In his recent article The Slippery Slope of Influencer Marketing, Mark Schaefer writes about how he is conscious of the need to turn down offers of paid opportunities from companies hoping to leverage his personal brand to achieve their marketing goals. As a high-profile blogger (or “influencer” – for what that term is worth), he fears that agreeing to too many paid engagements may ultimately have a negative impact on his credibility and trustworthiness – the very things that make influential individuals attractive to brands (and respected by their audiences) to begin with.

As with content marketing, where marketers need to focus on the needs of the buyer or consumer in order to produce truly valuable and worthwhile content, organizations should approach influencer marketing from the same angle, placing influencers in the centre of their strategy and building out their planned engagement and campaigns from there. While the foundation of a successful influencer marketing strategy is establishing what it is you wish to achieve from your efforts, a crucial element of your influencer identification process and subsequent engagement is understanding who your influencers are to begin with – and therefore what they can achieve from your engagement (whether paid or unpaid) in turn. Brand advocacy is never a given, and expecting immediate results from influencer marketing is not a realistic approach, even if your product or service is truly amazing.

 

As Schaefer points out, saturating an influencer’s audience with messaging about a brand (or several different brands) can not only affect an influencer’s credibility, but may ultimately reduce the effectiveness of influencer marketing as a channel, as audiences become increasingly cynical towards perceived corporate shilling and paid endorsements. An influencer relationship must therefore be of mutual benefit to both parties, which means that brands should be realistic with their KPIs, and influencers in turn should remain aware of whom they align with and how that may affect their own reputation.

Brands – Avoid the Slippery Slope

Assuming the people you wish to engage with aren’t completely wrong (in which case you might want to go back to the drawing board with your influencer identification), achieving this relies upon:

    • Understanding your influencers’ areas of thought leadership and expertise. What do they talk about? What are they interested in? As influence depends entirely on context, it is not advantageous for either influential individuals or brands to partner up when they have little in common. Brands may wish to segment their influencer pool into knowledge areas (in addition to more advanced segmentation such as categorizing influencers based on your engagement pipeline criteria), and link these up with appropriate marketing goals to tailor their engagement, which will include thinking about the tone of their messaging, the engagement channels used, and determining the best person internally to manage the relationship.

 

    • Knowledge of your influencers’ brand affinities. Are they advocates for a competitor, or do they take more of an industry-wide view? Has your brand had prior engagement with them? Assess who the best people are to engage with and tailor your engagement appropriately to match their situation. Similarly, influencers should be aware of how their interactions with companies may affect their own existing relationships with competitors.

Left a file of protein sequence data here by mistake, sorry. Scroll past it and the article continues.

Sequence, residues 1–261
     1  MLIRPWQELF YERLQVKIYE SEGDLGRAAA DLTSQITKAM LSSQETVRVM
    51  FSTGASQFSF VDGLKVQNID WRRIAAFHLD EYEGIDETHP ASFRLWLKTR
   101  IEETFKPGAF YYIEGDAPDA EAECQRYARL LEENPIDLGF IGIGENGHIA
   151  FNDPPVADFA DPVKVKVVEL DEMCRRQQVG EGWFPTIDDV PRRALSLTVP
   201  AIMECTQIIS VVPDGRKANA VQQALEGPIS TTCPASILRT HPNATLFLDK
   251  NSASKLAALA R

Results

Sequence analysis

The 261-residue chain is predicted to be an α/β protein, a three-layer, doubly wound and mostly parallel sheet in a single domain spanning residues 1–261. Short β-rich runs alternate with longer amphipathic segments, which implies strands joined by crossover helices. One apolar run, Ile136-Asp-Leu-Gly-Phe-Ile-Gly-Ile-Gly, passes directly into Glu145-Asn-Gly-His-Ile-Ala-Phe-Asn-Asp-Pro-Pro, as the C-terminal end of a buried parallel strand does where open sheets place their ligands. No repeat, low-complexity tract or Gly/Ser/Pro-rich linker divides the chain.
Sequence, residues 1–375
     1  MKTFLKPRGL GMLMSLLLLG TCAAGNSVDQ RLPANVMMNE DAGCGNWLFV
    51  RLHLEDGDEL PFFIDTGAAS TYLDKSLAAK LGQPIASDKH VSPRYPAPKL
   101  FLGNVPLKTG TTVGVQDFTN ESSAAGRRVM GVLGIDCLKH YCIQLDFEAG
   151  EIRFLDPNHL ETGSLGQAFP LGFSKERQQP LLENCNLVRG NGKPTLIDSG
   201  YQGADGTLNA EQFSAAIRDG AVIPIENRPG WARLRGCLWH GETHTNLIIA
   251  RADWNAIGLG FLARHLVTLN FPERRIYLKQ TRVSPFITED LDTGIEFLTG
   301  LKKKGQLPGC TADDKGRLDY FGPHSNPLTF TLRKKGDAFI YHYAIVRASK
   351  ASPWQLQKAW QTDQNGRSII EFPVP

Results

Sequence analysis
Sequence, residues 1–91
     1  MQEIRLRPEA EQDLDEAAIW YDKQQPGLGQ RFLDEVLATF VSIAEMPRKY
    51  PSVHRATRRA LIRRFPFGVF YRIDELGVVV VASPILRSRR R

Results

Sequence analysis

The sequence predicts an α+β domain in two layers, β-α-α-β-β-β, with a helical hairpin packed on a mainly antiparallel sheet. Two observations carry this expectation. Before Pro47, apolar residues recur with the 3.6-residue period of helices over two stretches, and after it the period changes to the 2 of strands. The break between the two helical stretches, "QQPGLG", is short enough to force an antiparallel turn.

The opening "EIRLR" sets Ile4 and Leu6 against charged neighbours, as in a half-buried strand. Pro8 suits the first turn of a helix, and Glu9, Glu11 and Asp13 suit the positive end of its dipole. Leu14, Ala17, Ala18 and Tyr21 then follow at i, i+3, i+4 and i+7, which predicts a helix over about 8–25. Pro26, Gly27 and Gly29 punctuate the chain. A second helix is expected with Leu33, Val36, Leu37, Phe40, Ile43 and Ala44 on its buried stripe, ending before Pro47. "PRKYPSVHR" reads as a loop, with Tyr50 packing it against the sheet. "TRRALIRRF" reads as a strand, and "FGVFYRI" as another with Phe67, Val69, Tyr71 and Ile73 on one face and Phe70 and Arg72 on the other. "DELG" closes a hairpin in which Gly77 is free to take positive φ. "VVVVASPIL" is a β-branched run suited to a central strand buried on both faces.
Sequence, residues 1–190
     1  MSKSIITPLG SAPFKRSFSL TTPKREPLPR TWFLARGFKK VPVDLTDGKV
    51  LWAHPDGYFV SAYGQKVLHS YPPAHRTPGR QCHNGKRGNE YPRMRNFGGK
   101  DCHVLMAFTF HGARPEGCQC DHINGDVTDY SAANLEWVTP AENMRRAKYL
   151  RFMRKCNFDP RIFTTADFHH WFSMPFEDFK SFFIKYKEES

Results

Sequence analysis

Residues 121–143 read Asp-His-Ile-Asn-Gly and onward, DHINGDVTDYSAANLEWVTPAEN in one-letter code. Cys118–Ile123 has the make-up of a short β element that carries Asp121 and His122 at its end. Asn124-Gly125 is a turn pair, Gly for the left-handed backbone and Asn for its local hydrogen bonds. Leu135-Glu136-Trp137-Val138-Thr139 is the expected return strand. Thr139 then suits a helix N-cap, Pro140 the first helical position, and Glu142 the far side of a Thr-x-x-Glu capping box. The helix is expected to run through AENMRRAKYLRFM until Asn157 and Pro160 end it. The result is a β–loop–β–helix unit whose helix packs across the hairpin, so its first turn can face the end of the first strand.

• Leveraging less well-known influencers. Don’t be afraid of looking further down the list for your influencers. Though somebody may not have a huge social media following or be a household (or at least office-wide) name, their views and opinions may have a disproportionately large impact within a valuable audience or community, particularly when it comes to niche topic areas (again, credible and contextual influencer identification is key to surfacing these influencers). Focusing more on these stakeholders will also avoid the need to chip away at the “usual suspects” – those well-known social media personalities who regularly grace “Top Influencer” lists, and who are likely already inundated with requests from companies seeking to capitalize on their influence. Building your own programme, bespoke to your aims, sector and resources will increase your chances of success, and avoid the situation Schaefer describes in his article.

Supply and Demand

I’d like to emphasise here that influencer marketing should be seen neither as a death sentence for an influencer’s credibility, nor a waste of time for marketers. In fact, a strategic partnership should elevate both parties’ brands and thought leadership through association, and can encompass a wide range of engagement, from co-creation of content through to paid speaking and attendance at company events, all of which should feed into wider marketing goals such as lead generation, boosting sales or raising brand awareness. The key to avoiding the slippery slope is achieving a balance between the needs of both sides of the equation – the influencer and the company – and continuing to provide your respective audiences with the content they need. For another angle on this, please see Daniel Newman’s article PR Needs a New Approach for Influence Marketing,
which further discusses the reciprocal nature of influencer engagement.

If you’re interested to find out more about what we do, you can check out our influencer marketing platform, Onalytica IRM, or get in touch for more info. To get some more background on our approach to influencer marketing and influencer program best practice, you can download our free white paper, Crafting Your Influencer Program.

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